So I just finished up that first layer of Kona stain on the top and as that dries I'm going to go ahead and put the last color on the bottom portion. Like I showed you before I painted all of these first layers on the entire bottom, complete, and I'll eventually get to the point where I sand away some of the top layers and it will show some of the under layers. For the last color I want to use this, it's called Destin Gulf Green, and it’s almost like this color I have on there but its a little bit lighter. Just to give this top layer some contrast what I plan on doing is, it will probably end up being just a lot of experimentation and messing around with it and seeing what looks good and what doesn't. I'm not going to paint the entire thing this color I’m just going to paint certain sections use different techniques and I might put a thick layer right here and maybe dry brush it right here and fill in some of these little grooves with this color. I basically am going to make it really splotchy. I’m going to go ahead and get started on that and see how it looks. Worst-case scenario if it doesn't look that great I'll just paint the whole thing this color and distress it at the end. So let me go ahead and start putting this color on and see how it turns out. So I just finished up with that lighter color blue over that dark blue and you can see how I put it on all splotchy. I know it looks kind of crazy right now but it will actually be okay once I get the sand paper out and I start to blend it and all that kind of stuff so I'm not worried too much how it looks kinda goofy. Also, why I was doing that I decided I want to add a different color into these little sections right there, there, and there. I think it will look kinda cool. Sooo, I don't know, I'm going to maybe try out a few different colors maybe the first color will be cool but I'm going to try out this yellow color. I’m going to go ahead and put that on there and see how that looks.
I'm ready to get started with the distressing part and what I got going on here
is I'm going to start off using the power sander. I have a #80 grit sand paper on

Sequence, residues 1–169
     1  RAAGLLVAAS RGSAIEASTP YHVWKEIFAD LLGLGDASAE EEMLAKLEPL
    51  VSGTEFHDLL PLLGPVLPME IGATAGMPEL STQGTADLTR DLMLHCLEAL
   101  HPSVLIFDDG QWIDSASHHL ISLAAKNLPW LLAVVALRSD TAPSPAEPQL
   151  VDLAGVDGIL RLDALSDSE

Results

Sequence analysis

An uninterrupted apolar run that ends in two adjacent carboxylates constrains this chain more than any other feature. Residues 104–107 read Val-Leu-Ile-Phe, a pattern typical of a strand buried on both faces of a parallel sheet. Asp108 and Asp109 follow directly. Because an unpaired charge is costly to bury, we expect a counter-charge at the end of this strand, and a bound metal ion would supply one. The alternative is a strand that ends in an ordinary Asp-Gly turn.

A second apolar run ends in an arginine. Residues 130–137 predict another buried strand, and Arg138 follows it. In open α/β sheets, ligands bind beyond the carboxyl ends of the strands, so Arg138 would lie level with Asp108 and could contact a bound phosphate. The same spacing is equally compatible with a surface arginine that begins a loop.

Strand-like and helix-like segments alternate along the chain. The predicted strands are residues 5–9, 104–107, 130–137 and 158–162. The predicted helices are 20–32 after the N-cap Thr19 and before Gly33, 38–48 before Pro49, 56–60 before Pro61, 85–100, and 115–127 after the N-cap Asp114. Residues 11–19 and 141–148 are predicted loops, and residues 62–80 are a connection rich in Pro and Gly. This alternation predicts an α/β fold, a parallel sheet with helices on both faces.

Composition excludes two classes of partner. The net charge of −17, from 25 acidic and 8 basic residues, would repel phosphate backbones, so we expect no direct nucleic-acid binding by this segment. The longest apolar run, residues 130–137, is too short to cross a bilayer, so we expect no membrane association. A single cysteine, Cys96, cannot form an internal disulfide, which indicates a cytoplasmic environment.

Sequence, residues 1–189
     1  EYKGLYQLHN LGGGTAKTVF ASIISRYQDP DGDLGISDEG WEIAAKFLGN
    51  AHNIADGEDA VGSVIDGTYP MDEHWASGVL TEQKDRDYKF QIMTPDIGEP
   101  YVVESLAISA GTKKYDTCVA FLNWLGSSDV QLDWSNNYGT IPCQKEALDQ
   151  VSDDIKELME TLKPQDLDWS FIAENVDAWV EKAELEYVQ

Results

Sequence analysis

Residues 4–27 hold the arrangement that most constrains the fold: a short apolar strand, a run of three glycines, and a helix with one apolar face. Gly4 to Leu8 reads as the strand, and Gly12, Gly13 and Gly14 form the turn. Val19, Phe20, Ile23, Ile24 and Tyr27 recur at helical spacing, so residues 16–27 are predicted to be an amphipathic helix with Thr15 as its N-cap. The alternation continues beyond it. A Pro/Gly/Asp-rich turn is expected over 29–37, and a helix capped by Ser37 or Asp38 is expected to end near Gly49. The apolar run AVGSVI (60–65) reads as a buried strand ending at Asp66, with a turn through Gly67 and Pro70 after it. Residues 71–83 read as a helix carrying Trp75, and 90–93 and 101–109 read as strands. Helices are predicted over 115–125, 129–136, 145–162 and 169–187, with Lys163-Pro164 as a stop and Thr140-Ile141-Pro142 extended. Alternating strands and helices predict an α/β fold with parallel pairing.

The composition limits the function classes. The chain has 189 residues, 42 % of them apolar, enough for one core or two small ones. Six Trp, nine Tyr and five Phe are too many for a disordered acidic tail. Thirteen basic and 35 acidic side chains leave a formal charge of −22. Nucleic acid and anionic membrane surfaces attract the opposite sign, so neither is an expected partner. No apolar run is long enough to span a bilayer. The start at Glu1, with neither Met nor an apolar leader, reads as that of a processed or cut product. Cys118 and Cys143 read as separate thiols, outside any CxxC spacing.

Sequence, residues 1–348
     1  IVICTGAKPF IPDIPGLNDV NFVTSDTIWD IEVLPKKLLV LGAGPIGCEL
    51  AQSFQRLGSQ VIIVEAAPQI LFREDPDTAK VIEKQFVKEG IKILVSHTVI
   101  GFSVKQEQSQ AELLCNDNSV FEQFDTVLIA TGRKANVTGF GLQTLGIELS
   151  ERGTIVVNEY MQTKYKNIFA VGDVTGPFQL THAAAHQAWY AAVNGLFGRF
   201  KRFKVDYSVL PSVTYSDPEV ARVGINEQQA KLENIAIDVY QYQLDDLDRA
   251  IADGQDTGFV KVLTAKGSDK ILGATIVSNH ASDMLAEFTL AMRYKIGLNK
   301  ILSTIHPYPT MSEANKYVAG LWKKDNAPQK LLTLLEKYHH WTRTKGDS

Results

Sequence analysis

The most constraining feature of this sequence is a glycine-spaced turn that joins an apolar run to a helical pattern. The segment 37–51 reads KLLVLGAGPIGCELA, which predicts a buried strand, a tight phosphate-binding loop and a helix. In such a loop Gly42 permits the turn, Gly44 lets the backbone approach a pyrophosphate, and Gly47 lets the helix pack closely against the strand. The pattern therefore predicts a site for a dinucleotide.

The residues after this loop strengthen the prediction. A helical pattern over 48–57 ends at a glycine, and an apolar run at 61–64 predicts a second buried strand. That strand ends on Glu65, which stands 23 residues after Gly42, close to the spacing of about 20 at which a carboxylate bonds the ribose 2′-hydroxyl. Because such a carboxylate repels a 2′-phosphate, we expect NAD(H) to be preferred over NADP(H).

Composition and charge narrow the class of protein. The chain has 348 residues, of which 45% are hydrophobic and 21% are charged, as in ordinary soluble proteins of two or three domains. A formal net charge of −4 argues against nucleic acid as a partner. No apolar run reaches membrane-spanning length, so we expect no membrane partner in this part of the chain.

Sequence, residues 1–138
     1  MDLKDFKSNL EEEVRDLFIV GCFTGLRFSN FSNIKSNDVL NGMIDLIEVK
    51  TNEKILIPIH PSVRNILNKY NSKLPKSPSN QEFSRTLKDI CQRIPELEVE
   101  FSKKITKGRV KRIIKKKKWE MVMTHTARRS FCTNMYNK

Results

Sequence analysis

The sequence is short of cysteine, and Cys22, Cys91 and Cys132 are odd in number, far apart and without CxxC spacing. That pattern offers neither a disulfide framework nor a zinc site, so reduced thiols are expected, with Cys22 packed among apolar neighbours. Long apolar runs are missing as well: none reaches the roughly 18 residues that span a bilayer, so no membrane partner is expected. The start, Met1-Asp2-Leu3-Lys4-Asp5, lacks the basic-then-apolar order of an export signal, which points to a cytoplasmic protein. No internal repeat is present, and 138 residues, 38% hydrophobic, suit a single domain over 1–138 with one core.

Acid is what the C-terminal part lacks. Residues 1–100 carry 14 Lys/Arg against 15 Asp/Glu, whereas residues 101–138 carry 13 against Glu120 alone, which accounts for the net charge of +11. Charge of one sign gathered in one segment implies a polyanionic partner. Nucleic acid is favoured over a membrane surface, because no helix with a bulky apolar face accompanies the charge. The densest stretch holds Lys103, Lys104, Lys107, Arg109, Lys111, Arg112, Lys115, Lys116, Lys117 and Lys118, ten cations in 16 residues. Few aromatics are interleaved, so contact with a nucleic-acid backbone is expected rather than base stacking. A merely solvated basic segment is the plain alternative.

here which is a really coarse sandpaper. The reason is I really want to start
off with that really good bite from the sandpaper and really knock down a lot
of the distressing initially with this and once I get all that taken care of I'll
go back with like a #150 or #220 and just hand sand it basically blinding it
just so it doesn't look so obvious that it was done with the power sander. So
that's what I'm going to go ahead and get started on.
So I just finished with all the distressing and in the final step, I actually discovered this by accident, I used that sun-bleached stain that I have that's alight gray color and after I distressed everything, I just rubbed thin layer of that sun-bleached on there and it actually gives it like a whitewash look. Usually if I attempt to do a whitewash look on the final step I’ll usually mix up a white and just really water it down and then rub it on like a glaze but by using that stain, its already mixed up and easy to apply. I just rubbed it on and as soon as I put it on I was rubbing it off so it wouldn't goon really thick or anything. This is what I ended up with. I even did it on the top. It was new looking having that nice dark stain that I actually sanded it just a little then I added some of that sun-bleach on there and I think it really ties the top into the bottom. I think it turned out pretty cool. So I'm done with all the distressing and everything like that.
Next thing I'm going to do is to put wax on the bottom. Clear wax then I'm going to use dark wax to really age the bottom and then on top I’m actually going to use a Polycryclic high gloss. I usually don't use the gloss finishes but with the top having the design and everything I think it will really make it pop with a nice shine to it. So I'm going to use Polycrylic which is just a water-based polyurethane on top, wax on the bottom and then apply dark wax and that should be the finishing steps to this project.